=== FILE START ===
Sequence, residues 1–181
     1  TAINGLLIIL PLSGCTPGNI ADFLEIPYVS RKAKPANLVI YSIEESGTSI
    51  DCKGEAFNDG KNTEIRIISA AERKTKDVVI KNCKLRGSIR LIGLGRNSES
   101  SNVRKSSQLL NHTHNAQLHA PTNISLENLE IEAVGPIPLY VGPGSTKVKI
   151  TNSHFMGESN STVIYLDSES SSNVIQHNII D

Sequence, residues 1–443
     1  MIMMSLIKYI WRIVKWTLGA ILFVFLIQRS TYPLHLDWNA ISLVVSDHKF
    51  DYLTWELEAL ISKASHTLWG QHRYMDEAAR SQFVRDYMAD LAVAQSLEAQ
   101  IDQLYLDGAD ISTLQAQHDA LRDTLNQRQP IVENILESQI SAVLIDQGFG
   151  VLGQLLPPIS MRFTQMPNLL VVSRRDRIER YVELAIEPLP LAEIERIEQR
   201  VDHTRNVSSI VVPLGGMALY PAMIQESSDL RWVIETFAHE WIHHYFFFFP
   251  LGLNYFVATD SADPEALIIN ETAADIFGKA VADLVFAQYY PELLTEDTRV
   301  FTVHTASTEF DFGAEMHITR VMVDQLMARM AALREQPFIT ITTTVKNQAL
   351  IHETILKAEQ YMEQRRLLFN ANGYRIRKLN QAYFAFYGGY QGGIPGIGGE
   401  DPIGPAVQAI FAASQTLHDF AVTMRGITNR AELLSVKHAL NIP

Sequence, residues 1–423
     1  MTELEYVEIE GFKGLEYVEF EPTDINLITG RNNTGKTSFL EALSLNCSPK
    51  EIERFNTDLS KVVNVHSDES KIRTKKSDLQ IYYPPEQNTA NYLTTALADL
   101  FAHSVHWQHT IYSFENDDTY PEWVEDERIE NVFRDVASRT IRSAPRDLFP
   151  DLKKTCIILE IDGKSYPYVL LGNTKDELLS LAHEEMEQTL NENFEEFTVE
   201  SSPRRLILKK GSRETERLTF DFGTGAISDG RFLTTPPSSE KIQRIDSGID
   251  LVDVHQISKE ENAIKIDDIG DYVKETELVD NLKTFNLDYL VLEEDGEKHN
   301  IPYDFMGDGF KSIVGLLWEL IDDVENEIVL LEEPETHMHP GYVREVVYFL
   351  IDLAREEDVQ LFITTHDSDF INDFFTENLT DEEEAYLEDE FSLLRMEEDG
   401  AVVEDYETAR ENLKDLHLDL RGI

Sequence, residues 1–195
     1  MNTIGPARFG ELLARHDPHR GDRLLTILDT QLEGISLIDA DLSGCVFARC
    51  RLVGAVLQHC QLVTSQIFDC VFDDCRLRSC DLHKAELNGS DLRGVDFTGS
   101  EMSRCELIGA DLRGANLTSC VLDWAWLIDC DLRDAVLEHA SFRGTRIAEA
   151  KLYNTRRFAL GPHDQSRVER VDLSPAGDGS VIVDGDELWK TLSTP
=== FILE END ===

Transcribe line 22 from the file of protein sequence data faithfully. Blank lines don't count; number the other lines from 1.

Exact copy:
   251  LVDVHQISKE ENAIKIDDIG DYVKETELVD NLKTFNLDYL VLEEDGEKHN